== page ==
coke fountainCalifornia Project LEAN funded four organizations in California's Central Valley to work toward adoption of local policy that will increase access to healthier beverages while decreasing access to sugar-sweetened beverages (SSBs) in their communities. These grantees are being funded through CDPH's Communities Putting Prevention to Work obesity prevention grant.


A recent analysis of data from the 2005 California Health Interview Survey indicates that some of the heaviest SSB adult consumption rates by county were in Kings, Madera, and Kern counties - all Central Valley counties.  Some of the highest SSB consumption rates by children aged 2-11 also are in Central Valley counties.  In Kings County, for example, 57.2% of 2-to-11-year-old children drink one or more sodas per day while in Kern County, 55% do, and in Fresno County, 53.1% do. The grantees are working on the following efforts:

  • Dolores Huerta Foundation (Foundation) is conducting a community public education campaign and promoting worksite policies that would decrease and/or eliminate SSBs and increase access to healthier beverages. The Foundation is also looking at ways to reduce and/or eliminate SSBs from schools.
  • Kaweah Delta Hospital Foundation (Kaweah) is working to increase the number of healthy beverages in vending machines at the hospital and in employee break rooms. Kaweah also is working with the City of Visalia's Parks and Recreation Department to develop a wellness policy that would decrease access to SSBs in vending machines, concession stands and at special events. Youth will also be involved in developing a social marketing campaign. Additionally, partner Family Health Care Network is working to establish a policy that would eliminate SSBs from being served at meetings.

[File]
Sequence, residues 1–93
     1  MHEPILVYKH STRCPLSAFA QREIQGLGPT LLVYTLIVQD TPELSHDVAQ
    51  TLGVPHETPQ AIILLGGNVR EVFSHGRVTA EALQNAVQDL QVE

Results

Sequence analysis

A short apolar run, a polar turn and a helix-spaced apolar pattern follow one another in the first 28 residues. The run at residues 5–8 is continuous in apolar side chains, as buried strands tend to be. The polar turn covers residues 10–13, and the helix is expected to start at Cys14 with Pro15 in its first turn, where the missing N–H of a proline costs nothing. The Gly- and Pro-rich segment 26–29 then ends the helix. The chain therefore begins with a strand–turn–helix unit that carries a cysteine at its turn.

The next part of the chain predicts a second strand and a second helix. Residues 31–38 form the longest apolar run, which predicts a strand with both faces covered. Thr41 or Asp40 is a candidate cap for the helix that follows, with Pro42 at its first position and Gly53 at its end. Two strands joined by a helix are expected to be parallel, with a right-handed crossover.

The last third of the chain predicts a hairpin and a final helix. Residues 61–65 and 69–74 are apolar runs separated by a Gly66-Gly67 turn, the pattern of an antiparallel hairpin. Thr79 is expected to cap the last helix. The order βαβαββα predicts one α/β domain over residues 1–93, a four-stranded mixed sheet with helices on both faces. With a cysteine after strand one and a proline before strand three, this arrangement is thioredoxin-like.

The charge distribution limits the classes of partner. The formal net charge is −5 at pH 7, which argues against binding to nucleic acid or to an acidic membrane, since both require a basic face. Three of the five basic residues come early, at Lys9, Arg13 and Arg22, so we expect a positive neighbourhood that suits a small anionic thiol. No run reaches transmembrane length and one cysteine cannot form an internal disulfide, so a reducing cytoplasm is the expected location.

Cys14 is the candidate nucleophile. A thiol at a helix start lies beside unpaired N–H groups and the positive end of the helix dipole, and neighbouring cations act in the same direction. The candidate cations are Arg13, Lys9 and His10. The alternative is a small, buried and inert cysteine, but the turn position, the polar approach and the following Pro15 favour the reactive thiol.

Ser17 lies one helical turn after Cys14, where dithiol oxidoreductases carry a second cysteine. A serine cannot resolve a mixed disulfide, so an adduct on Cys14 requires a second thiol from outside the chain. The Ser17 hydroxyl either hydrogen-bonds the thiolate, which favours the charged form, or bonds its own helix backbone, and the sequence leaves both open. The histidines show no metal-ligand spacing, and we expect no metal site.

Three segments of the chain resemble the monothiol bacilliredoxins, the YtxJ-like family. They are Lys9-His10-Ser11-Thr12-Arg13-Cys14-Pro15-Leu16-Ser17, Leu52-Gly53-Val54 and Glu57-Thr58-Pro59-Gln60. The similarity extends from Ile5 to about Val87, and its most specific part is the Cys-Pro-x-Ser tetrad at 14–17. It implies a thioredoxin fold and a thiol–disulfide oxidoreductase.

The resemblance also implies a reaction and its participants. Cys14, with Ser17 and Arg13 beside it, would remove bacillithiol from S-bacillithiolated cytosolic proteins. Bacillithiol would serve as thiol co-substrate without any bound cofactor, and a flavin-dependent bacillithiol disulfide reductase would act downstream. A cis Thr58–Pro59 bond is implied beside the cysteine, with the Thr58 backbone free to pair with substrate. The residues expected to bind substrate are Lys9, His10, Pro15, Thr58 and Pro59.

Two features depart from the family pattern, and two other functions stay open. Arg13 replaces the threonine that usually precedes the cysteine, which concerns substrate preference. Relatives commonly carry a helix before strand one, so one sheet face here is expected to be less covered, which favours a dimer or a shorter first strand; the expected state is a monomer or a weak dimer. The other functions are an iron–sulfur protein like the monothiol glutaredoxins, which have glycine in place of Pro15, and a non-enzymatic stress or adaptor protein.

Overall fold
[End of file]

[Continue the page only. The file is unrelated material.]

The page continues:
• Central California Regional Obesity Prevention Program is laying the groundwork for policy changes and program development at reducing SSBs in several Central Valley counties, including San Joaquin, Stanislaus, Merced, Fresno, Madera, Kings, and Tulare.
  • The Tulare County Health and Human Services Agency, Department of Health Services is working to reduce access to SSBs in a number of settings.  

CPL has developed a fact sheet on limiting SSBs for parents in English and Spanish. For more information about CPL's SSB efforts, contact Cyndi Walter.


February 2011

Girl at Playground
In This Issue
San Diego Regional Food Systems
Los Angeles Vending Policy
Reducing Sodium Consumption
Sugar-Sweetened Beverage Grantee Policies
San Diego Healthy Works Campaign
Upcoming Events


Quick Links


Case Studies: Eliminating Sweetened Beverages in Schools 


San Diego's Healthy Works Campaign Battles Obesity   


The San Diego CPPW program recently unveiled Healthy Works, a major health initiative focused on environmental and systems changes designed to prevent obesity and promote healthier living. Administered by the County of San Diego, Healthy Works partners the County with numerous community, governmental, and educational organizations to make significant and lasting changes in the fight against obesity. This two-year grant, the largest of its kind in the nation, is a unique opportunity for partnerships that lay the groundwork for the County's "Live Well, San Diego! Building Better Health" Initiative, a 10-year vision for healthy communities. By focusing on the environment where children, families, individuals, and seniors live, work, play, and learn, Healthy Works can make an impact on the toll of chronic diseases that threaten San Diego County residents' health and well being. Click here to view the press announcement.


Upcoming Events


Health in All Policies Webinar

February 17, 2011


Making New Places for Play: Joint Use Agreements


 Childhood Obesity Conference    

June 28-June 30, 2011
(San Diego)


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California Project LEAN | PO Box 997377, MS 7211 | Sacramento | CA | 95899
Tel: (916) 552-9907 | Fax: (916) 552-9909 |

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Photo of girl on playground by Tim Wagner